The Fibonacci numbers are defined by: ,

The numbers are 1, 1, 2, 3, 5, 8, 13, 21, 34, 55, 89, 144, 233, 377, 610, …

The Fibonacci numbers have many interesting properties, and the proofs of these properties provide excellent examples of *Proof by Mathematical Induction.* Here are two examples. The first is quite easy, while the second is more challenging.

**Theorem**

Every fifth Fibonacci number is divisible by 5.

**Proof**

We note first that is certainly divisible by 5, as are and How can we be sure that the pattern continues?

We shall show that: IF the statement “ is divisible by 5″ is true for some natural number , THEN the statement is also true for the natural number .

Now

.

Since we know that is divisible by 5, it is now clear that is also divisible by 5. But is divisible by 5, therefore so is , and also , and so on.

By the Principle of Mathematical Induction, every fifth Fibonacci number is divisible by 5.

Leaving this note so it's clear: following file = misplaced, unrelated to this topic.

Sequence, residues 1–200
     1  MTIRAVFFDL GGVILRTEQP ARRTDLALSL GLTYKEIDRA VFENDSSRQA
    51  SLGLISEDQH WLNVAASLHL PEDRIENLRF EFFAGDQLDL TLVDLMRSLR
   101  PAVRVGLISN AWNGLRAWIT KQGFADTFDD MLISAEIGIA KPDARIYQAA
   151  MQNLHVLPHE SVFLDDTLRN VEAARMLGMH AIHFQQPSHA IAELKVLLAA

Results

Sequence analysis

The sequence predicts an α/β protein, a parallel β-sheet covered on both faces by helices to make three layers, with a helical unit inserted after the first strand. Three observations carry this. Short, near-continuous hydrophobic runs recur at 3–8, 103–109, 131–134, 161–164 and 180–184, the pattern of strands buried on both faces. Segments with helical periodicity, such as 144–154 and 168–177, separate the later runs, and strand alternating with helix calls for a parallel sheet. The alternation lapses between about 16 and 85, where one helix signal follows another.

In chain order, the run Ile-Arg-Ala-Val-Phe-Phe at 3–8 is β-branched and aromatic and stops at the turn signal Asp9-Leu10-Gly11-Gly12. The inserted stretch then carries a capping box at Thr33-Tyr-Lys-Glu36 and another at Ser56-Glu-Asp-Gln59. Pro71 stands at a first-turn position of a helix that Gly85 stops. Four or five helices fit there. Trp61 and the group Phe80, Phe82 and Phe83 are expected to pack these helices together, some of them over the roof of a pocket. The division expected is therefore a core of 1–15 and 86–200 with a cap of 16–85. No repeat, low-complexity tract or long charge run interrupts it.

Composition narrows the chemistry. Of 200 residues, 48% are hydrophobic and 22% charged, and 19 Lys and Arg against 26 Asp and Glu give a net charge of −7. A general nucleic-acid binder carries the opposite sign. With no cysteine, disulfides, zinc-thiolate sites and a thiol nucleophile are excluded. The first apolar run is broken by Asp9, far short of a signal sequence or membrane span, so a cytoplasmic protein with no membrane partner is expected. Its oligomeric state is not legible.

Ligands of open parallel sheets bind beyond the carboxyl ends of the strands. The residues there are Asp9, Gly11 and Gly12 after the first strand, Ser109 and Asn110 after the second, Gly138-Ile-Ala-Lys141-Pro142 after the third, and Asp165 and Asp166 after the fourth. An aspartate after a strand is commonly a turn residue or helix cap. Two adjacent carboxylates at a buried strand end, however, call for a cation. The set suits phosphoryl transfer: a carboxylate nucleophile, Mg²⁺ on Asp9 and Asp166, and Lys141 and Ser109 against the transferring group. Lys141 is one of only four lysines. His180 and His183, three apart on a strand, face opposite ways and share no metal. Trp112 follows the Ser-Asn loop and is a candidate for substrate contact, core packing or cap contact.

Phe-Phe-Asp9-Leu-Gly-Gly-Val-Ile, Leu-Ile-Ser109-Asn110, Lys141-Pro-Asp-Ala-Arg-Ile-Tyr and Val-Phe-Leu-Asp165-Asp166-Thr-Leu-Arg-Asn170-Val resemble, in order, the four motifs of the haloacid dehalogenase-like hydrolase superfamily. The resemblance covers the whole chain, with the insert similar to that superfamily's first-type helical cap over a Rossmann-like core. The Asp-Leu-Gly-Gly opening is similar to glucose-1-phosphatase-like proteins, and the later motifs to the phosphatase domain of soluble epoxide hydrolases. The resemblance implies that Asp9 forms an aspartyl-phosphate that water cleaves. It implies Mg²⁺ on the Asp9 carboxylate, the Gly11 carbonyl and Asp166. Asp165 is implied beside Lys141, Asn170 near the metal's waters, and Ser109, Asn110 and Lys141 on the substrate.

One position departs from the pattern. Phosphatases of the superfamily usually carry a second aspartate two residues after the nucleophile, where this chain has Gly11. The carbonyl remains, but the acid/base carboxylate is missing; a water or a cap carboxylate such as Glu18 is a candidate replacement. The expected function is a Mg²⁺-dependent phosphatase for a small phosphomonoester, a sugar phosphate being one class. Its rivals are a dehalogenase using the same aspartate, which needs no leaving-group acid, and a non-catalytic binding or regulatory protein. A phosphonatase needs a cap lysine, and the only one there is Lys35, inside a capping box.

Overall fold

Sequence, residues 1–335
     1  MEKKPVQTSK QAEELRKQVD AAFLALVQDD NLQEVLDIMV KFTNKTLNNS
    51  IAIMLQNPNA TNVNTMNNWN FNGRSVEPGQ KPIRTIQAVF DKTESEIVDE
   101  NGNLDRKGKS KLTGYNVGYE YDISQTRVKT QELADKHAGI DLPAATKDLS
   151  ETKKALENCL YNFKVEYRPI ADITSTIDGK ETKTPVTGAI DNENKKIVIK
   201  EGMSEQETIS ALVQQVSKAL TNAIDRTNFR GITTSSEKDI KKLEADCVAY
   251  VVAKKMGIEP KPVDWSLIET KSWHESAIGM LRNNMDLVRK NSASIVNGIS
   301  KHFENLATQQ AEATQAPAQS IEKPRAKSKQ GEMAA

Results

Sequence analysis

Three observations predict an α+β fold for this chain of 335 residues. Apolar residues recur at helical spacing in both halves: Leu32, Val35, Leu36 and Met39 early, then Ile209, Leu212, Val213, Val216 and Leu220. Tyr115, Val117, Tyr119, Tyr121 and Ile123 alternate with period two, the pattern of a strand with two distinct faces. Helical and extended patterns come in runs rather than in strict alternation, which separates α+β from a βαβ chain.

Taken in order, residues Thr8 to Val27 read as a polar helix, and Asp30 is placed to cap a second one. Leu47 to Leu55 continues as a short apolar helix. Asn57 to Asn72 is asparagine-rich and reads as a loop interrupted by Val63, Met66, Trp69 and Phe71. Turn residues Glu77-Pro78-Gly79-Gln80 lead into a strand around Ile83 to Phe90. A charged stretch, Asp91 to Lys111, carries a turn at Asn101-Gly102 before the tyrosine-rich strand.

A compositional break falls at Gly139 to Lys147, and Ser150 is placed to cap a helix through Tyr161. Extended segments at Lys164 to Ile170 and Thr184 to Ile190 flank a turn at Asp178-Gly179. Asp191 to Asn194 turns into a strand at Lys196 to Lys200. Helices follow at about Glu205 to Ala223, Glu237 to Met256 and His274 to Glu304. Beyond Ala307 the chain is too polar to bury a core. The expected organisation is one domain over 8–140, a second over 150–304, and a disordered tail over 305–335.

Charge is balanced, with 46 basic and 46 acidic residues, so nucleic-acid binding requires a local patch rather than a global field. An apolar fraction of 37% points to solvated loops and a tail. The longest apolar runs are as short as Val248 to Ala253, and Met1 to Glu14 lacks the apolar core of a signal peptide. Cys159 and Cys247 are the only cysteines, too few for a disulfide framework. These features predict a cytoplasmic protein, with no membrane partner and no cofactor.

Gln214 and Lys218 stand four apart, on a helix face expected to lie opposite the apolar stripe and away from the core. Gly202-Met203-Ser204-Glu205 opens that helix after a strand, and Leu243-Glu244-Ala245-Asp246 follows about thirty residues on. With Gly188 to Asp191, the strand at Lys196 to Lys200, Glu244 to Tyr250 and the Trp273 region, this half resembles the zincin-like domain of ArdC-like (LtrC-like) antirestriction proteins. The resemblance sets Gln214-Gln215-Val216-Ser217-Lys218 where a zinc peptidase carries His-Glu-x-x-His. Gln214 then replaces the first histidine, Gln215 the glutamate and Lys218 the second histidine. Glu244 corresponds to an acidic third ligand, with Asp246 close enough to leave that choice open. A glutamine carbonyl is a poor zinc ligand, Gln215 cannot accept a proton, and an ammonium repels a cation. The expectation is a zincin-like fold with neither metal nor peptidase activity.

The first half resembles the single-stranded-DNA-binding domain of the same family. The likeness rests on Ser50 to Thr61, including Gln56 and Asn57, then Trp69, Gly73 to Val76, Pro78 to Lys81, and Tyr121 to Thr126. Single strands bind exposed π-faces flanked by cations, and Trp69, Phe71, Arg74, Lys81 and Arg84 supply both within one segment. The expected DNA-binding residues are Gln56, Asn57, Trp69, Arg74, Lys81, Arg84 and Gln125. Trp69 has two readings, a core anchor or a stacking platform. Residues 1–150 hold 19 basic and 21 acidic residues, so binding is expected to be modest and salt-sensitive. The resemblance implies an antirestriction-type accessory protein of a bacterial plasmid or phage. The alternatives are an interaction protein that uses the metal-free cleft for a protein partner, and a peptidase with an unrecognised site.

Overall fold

**Theorem**

**Proof**

We note first that the statement is true when , since

We now show that: IF the statement true for some natural number , THEN it is also true for the next number, namely .

So let us assume that (*)

Then

, using (*)

and we have shown that the result is true for the next number, . But we noted at the beginning that the result is true for . It is therefore true for the next number, 2, and therefore true for the next number, 3, and for 4, 5, 6, … and so on.

By the Principle of Mathematical Induction, the result is true for all natural numbers.

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Originally written by John Webb.

themba malusiOctober 18, 2015 at 8:40 amI think there is a mistake in the first of the Fibonacci pattern in I the inductive case in line 6 ,that was suppose to be 2(F_m+1 + F_m)+ 3F_m+1 + F_m

Jonathan ShockOctober 18, 2015 at 8:45 amCheers Themba, yes!

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